Georges Delerue’s music for the films of Francois Truffaut


“In a span of twenty four years between 1959 and 1983 composer Georges Delerue collaborated with director Francois Truffaut on ten films. Compared to Delerue’s massive repertoire of film, TV scores and classical compositions, 350(!) in all, ten is an iota. But the music he wrote for Truffaut is unique in its beauty and the critical role it plays in the films. Rarely in the history of cinema had the combination of visuals and music worked so well together. Truffaut and Delerue belong in a pantheon that includes duos such as Fellini/Rota and Hitchcock/Hermann. This is the story of that collaboration, with a focus on their creative peak, Jules and Jim. In 1945 Delerue moved to Paris to study at the Conservatoire de Paris, where two years later he met composer Darius Milhaud. The famed modern classical composer, who was of Jewish origin, returned to France after he escaped the Nazi regime in 1940 and spent time composing and teaching in the United States. Milhaud had a profound influence on musicians on both sides of the pond. Dave Brubeck and Burt Bacharach are two of his famous students at Mills College in California. … Milhaud noticed Delerue’s ability to move effortlessly between both sides of the music spectrum and encouraged his student to pursue a career of composing for the performance arts – theater, dance and films. … In the 1950s Delerue started his prolific career, composing music for TV and short films and quickly made his way into the emerging French New Wave cinema. His first foray into the movement was with Alain Renais’ Hiroshima Mon Amour. The film’s main composer was Giovanni Fusco (of Antonioni’s Red Desert), and Delerue added his touch to some of the scenes, including the endearing Parisian waltz Valse du café du fleuve. The late 1950s saw the new directors of French cinema falling in love with American jazz. Louis Malle’s 1958 debut Ascenseur Pour L’échafaud (Elevator to the Gallows), a tribute to film noir, got a mesmerizing musical backdrop from Miles Davis who improvised to the moving images. A year later Martial Solal provided a big band jazz soundtrack to Jean-Luc Godard’s iconic debut À Bout de Souffle (Breathless). Delerue and Truffaut’s first collaboration was on the director’s second film Tirez Sur Le Pianiste (Shoot the Piano Player). Released in 1960, the soundtrack was rooted in jazz as well, but of the French style. Truffaut was unhappy with the music for his first film Les 400 Coups (The 400 Blows), written by Jean Constantin, and was looking for a different composer.  …”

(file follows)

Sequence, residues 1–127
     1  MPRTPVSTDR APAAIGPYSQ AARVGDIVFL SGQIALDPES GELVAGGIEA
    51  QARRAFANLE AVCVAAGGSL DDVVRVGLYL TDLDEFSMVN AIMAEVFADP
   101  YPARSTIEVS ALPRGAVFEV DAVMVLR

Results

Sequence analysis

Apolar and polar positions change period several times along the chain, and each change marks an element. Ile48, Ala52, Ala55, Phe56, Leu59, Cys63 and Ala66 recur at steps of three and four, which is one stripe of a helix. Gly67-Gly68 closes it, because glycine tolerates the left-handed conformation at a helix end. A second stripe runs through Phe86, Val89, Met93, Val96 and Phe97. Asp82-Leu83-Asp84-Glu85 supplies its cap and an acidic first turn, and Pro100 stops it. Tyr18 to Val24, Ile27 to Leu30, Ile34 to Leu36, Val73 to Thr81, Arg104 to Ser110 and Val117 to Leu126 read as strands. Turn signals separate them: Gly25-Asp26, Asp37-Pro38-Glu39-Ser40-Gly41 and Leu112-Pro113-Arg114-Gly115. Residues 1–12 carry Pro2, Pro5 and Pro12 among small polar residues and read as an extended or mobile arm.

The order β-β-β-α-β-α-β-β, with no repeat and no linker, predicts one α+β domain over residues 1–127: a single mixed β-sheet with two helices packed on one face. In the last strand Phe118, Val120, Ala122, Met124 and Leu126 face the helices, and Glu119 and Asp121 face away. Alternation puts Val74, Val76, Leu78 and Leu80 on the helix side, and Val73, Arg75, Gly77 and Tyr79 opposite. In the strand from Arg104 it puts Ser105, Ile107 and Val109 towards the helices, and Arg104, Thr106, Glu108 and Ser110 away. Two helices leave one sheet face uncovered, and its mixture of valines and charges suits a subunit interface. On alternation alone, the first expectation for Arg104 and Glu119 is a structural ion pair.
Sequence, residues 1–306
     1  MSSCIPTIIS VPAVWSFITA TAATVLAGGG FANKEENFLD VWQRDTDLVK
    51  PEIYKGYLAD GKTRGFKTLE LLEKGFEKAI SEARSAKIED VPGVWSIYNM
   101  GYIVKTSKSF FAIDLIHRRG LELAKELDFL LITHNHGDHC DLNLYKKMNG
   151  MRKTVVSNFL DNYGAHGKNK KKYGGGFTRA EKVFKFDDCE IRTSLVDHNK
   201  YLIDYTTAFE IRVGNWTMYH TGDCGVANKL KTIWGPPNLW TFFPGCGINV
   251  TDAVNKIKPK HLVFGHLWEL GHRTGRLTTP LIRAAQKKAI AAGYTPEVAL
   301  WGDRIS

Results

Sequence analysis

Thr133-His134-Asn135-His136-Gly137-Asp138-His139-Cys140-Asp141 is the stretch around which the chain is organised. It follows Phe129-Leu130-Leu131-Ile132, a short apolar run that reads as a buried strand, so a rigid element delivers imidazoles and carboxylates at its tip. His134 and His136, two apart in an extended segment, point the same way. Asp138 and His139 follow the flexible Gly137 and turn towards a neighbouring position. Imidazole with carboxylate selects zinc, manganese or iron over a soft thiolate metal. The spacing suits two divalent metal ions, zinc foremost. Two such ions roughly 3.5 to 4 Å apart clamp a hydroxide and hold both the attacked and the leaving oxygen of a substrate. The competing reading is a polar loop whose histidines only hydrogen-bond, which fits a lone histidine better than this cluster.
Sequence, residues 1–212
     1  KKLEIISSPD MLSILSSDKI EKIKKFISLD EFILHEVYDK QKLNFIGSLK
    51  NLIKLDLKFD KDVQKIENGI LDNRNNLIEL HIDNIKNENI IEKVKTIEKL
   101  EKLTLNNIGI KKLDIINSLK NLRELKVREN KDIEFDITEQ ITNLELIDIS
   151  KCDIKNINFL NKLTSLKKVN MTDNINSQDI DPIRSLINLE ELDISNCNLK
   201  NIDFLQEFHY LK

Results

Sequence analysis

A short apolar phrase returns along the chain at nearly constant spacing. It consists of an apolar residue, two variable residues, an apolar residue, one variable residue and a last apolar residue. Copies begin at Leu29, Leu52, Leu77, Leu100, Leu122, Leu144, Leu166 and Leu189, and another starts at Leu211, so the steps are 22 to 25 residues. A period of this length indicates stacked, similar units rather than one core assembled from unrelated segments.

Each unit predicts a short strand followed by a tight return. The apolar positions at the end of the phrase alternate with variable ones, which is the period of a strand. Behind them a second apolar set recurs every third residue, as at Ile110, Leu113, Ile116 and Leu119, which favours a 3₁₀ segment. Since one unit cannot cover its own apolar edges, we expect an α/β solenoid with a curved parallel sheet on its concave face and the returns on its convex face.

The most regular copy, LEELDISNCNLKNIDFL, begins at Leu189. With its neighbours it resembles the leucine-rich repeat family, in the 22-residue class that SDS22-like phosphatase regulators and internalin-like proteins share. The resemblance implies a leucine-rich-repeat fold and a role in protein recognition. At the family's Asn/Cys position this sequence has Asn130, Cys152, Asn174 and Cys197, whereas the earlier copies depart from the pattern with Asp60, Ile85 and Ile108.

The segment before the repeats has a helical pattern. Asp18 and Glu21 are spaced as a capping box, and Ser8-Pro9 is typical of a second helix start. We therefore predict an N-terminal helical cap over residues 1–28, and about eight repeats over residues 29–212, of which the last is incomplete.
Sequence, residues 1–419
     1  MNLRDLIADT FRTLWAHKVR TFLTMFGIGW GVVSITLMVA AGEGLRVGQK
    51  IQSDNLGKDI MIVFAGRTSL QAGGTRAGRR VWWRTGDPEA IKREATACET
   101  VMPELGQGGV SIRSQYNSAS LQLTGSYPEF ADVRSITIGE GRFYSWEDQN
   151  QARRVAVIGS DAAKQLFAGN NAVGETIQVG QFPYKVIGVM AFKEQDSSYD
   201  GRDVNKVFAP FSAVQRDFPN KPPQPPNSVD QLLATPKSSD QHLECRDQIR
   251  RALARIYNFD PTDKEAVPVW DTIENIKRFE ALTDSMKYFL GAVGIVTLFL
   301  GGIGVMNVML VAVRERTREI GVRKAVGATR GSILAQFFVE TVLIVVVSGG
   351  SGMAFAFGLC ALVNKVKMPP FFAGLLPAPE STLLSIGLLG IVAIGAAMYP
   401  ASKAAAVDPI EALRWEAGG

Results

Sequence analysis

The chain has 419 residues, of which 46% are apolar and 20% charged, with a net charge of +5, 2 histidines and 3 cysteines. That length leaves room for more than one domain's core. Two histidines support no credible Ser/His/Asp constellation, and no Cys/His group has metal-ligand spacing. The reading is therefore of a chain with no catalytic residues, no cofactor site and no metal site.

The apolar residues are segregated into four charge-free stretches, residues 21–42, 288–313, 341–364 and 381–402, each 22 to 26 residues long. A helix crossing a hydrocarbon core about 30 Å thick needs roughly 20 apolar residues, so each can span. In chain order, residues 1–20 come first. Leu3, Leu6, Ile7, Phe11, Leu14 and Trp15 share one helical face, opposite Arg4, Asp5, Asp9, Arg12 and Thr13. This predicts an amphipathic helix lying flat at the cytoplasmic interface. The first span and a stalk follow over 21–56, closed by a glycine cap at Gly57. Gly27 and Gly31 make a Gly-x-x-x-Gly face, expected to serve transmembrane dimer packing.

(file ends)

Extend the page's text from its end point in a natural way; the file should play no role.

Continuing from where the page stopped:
The Music Aficionado (Video)
W – Georges Delerue
Discogs (Video)

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